the American Farm bureau Federa-
tion declared today, would net the
government $42,000,000 more than the
new offer recently tendered by the
nine principal associated power com-
panies of the southern states.
The statement declared that exam-
ination of the two offers disclooed that
Ford would pay a total of $130,626,0001
over a 50-year period whereas the
power companies would pay but $87,-
'800,000.
"This so called offered of $100,000,-
000 becomes, upon investigation,
neither a bona fide- offer nor is it a
payment of $100,000,000," said Ray Sil-
ver, Washington representative. "It.
is merely.a suggestion that, these al-
lied power companies may subscribe
enough to pay 4 per centinterest on
the cost of the Wilson dam."
Iota Sigma Pi Elects Officer
Margaret Woodwell, grad., has beenj
elected vice-president of Iota Sigma'
Pi, honorary chemical sorority, to
succeeed Ellen Porter, grad., who is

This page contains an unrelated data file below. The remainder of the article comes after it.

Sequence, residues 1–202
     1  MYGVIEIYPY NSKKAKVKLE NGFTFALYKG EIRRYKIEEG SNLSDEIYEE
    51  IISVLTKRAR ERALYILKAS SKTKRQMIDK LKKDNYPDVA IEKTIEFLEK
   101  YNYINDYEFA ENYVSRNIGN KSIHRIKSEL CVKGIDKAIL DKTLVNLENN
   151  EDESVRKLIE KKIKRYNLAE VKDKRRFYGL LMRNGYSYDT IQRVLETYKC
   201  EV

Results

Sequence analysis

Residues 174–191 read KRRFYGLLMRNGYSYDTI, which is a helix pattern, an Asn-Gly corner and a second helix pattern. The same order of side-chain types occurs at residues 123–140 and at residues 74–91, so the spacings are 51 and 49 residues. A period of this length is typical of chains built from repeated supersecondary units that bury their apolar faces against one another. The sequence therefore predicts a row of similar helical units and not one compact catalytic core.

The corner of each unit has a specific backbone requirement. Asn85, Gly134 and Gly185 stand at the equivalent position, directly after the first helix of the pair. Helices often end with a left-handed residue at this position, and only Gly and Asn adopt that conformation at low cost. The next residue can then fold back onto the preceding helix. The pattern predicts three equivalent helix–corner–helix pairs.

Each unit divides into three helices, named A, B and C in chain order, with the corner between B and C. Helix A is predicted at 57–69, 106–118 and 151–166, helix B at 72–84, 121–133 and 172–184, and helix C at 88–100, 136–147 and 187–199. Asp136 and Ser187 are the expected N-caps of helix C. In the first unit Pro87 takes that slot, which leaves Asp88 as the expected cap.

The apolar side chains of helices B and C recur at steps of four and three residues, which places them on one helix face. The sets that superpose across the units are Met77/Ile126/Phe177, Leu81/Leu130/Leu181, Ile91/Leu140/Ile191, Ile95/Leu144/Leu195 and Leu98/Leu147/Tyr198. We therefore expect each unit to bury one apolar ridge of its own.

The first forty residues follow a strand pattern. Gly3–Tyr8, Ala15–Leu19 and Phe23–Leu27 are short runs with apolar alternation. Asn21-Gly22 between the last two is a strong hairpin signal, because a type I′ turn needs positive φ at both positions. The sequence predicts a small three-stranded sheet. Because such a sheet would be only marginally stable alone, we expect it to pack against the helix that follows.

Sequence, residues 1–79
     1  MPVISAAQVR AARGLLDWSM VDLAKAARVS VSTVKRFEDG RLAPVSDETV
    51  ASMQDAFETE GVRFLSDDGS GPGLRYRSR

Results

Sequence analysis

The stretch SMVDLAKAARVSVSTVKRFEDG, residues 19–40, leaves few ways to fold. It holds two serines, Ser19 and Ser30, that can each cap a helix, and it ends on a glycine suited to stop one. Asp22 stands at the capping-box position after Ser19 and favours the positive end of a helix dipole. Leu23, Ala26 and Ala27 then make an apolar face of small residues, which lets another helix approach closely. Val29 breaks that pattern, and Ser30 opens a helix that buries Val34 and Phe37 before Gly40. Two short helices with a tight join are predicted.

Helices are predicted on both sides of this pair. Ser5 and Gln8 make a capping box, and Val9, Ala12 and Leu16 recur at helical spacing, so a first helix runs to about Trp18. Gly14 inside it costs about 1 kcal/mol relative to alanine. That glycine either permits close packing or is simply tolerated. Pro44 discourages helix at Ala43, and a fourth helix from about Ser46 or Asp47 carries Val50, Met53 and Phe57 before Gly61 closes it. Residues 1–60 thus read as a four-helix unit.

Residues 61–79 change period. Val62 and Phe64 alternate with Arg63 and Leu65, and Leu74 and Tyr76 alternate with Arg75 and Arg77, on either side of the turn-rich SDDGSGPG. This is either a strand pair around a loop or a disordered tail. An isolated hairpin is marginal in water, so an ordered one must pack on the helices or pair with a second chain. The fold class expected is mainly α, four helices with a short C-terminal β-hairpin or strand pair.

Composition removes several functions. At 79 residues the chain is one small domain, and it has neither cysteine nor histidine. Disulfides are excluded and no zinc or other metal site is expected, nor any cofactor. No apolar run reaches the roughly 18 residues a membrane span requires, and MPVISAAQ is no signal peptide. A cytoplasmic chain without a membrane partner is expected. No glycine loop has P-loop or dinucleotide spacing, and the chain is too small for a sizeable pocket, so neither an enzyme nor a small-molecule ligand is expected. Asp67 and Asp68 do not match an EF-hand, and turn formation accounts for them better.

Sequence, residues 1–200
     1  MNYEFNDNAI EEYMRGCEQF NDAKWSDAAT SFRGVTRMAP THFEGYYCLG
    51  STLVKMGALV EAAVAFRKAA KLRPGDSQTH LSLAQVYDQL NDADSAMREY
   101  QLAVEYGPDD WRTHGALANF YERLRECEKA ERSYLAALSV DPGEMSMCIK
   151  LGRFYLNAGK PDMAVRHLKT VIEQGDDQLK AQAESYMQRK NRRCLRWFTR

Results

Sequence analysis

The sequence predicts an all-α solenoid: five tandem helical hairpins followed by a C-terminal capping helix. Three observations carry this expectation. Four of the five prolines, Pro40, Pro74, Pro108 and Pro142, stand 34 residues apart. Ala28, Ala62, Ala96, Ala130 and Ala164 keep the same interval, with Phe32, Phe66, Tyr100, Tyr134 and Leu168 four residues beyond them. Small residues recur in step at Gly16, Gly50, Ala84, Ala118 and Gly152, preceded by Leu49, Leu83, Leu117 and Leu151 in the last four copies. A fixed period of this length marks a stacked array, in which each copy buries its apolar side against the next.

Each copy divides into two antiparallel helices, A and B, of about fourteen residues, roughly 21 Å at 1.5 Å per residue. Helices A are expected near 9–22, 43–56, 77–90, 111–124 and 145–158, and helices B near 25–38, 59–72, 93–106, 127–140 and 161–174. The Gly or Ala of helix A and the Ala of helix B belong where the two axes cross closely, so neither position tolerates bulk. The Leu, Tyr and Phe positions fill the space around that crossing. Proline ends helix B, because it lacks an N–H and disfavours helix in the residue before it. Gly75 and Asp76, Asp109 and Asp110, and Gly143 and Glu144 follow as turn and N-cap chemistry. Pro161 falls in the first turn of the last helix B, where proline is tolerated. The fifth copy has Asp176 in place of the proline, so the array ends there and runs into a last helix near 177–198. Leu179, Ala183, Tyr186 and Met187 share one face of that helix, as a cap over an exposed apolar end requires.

leaving the University at the end ofN
the semester.

OUT LANSING
IN, FINAL P1
FIRST HOME GAME OF
INITIATES NEW YO
FIELD HOUSE
TWO I'EAMS STANI
J1-13 AT END Of
Haggerty Accounts for NJ
of Michigan Total; Ni
Stars for Aggies
In the first basketball a
played in the new Yost field
the opening home game of t
Michigan's Varsity court f
out the Michigan Aggies by
23-19, last night.
The Wolverines had no
defeating the East Lansin
and it was only in the last
utes of play that Coach Mat
teges were able to come thin
the winning counters.
Game Hard Fough
Michigan started off the
drawing first blood when Ch
ped in a free throw. Hag
lowed this with a shot fror
before the Aggies could g
Nuttilo counted first for M.
a moment later added a secc
after Kipke had scored from
From that time on the rea
the period was nip and
both teams gaining the 1
single point or two only to
opponents come through wi
basket. The Wolverines t1
Farmers until the last mini